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Union Square

A plan that will drive business and economy without driving out the residents

  • 4M

    Square Feet

  • 117


  • Somerville, Massachusetts

    Somerville, Massachusetts

Strengthening a community in Boston's Union Square

A new light rail station will tie a long-neglected Union Square to downtown Boston. Low rents drew artists and immigrants for years, but with the promise of transit, rents are soaring. We’re laying the groundwork for Union Square 2.0 with a plan that balances substantial new development, protects current residents, and preserves the grit and funk that mark the square today. A plan that taps the economic value created by transit to broaden affordable options for living and working. Low-income households, artists, immigrants, and young entrepreneurs won’t have to move out—and new ones can move in.

Redevelopment with community in mind isn’t just designing beautiful buildings and public spaces. It’s creating programs to help immigrants start new restaurants, preserving treasured performance spaces, and supporting startups. Our plan uses mixed-income housing to make current residents can stay in the square. It adds mixed-use buildings to generate the activity that supports new and existing businesses. And it puts local artists in charge of street furniture, public art, and signage. That will help make sure the flavor of Union Square remains as distinct as its signature maple-bacon doughnuts.

It also means thinking about resources in creative ways. Those street-side restaurants and stores throw-off waste heat that can help keep upstairs apartments and offices warm in the fall and winter. That same heat can boost rooftop farms that serve ground-floor restaurants, cool buildings in summer, and catch rainwater to run washing machines or a street-level fountain.

We don’t just aim to make a great place to live and work, we aimed to build a new model for how urban communities can develop without losing their roots.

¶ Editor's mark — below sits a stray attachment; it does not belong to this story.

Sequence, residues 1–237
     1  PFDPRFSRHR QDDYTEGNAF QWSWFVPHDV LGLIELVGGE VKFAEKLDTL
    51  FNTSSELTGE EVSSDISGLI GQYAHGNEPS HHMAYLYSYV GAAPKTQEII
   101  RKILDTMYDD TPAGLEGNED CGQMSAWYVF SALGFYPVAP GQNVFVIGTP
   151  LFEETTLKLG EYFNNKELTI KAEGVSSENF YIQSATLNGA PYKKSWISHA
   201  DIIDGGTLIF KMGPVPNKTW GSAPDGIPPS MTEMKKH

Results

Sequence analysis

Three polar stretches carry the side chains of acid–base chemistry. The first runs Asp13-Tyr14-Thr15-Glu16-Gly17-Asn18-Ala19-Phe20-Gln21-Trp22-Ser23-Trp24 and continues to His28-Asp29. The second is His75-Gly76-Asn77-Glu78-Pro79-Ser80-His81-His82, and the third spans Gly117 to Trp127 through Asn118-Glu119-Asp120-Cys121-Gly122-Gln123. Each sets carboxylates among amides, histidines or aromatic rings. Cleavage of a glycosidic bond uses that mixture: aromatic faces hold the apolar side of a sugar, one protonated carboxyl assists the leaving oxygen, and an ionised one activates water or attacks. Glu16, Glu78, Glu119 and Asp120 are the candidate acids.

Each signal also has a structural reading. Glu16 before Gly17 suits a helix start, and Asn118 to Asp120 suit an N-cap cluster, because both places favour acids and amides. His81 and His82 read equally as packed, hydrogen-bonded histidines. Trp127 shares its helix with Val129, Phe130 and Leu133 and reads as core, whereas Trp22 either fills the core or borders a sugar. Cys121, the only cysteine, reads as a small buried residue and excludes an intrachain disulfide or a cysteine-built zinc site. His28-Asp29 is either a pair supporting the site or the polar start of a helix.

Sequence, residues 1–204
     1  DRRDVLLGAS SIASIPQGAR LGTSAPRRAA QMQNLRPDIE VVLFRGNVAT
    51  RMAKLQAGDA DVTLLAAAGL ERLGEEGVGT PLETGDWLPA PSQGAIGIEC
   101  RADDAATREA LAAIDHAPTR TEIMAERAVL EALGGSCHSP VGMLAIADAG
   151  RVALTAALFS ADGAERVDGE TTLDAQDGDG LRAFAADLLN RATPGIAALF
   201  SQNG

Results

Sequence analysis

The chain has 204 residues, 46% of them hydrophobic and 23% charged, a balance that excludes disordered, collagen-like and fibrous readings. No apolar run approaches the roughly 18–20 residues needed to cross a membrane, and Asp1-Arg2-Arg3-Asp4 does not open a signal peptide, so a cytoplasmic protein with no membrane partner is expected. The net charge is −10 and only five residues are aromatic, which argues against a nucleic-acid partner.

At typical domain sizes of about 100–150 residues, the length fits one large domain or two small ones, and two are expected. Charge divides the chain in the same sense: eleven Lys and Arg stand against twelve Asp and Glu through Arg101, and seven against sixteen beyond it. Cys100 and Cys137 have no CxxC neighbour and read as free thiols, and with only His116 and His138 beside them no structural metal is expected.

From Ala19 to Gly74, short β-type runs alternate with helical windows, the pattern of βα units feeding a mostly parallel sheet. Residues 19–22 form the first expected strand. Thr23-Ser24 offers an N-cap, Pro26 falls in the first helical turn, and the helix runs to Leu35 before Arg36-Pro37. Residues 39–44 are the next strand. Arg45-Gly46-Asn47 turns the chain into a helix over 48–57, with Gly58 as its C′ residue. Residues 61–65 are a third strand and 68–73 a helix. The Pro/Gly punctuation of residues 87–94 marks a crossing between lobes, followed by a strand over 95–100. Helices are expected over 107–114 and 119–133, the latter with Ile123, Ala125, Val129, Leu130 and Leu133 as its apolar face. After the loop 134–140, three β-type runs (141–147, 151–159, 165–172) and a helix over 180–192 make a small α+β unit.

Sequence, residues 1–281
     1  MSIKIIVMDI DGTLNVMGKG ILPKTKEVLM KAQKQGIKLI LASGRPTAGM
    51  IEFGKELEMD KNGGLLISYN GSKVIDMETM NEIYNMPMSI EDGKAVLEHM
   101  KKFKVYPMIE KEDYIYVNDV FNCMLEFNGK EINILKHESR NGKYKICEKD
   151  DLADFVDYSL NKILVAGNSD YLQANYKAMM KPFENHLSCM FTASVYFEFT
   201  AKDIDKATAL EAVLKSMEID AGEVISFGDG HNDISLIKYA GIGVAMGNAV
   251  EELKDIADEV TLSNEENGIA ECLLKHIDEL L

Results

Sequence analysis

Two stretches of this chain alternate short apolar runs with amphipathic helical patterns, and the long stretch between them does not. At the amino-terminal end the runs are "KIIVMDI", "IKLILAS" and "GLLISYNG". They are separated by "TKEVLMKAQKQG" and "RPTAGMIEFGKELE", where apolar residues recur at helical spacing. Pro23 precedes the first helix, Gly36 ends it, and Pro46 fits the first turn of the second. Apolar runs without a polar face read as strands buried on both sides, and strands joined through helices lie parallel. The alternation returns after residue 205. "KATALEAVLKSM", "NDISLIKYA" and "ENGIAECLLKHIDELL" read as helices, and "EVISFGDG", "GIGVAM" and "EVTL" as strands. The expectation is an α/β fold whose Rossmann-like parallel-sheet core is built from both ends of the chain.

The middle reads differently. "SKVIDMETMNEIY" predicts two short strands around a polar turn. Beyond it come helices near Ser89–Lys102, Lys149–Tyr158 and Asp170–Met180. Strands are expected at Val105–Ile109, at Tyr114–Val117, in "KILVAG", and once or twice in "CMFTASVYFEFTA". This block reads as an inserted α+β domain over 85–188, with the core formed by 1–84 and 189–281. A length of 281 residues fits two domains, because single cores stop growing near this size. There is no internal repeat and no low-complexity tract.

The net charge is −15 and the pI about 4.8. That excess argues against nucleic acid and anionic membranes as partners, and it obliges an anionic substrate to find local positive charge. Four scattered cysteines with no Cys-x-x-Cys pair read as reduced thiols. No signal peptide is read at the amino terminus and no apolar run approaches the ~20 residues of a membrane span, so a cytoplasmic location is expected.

At a Glance

  • City of Somerville

Back to the roots

Our Urban Places group walked the streets of Union Square to learn about the culture, the needs, the wants, and the passions of its people.

Meet Our Team

David Dixon, Vice President, Urban Places Fellow

We help communities manage change to become more livable, equitable, and resilient.
David Dixon Vice President, Urban Places Fellow Read More

Drew Leff, Principal

Having worked as a developer, and for government, I can bridge public and private interests to achieve consensus around development plans.

Elias Rashmawi, Vice President, Regional Business Leader, Community Development (US West)

Brownfields embody our community’s history and future. I translate my vision for what they can be into value for clients and communities.
Elias Rashmawi Vice President, Regional Business Leader, Community Development (US West) Read More

Chuck Lounsberry, Principal

Through design visualization, we’re helping people tell stories of their project from their perspective to their community.

David Dixon

Vice President, Urban Places Fellow

Drew Leff


Elias Rashmawi

Vice President, Regional Business Leader, Community Development (US West)

Chuck Lounsberry


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